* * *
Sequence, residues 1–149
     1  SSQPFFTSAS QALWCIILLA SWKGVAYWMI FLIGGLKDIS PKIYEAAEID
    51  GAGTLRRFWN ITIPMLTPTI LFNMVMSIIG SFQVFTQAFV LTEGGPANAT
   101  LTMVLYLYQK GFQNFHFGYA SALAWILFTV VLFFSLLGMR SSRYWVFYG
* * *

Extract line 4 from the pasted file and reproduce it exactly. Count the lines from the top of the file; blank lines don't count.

   101  LTMVLYLYQK GFQNFHFGYA SALAWILFTV VLFFSLLGMR SSRYWVFYG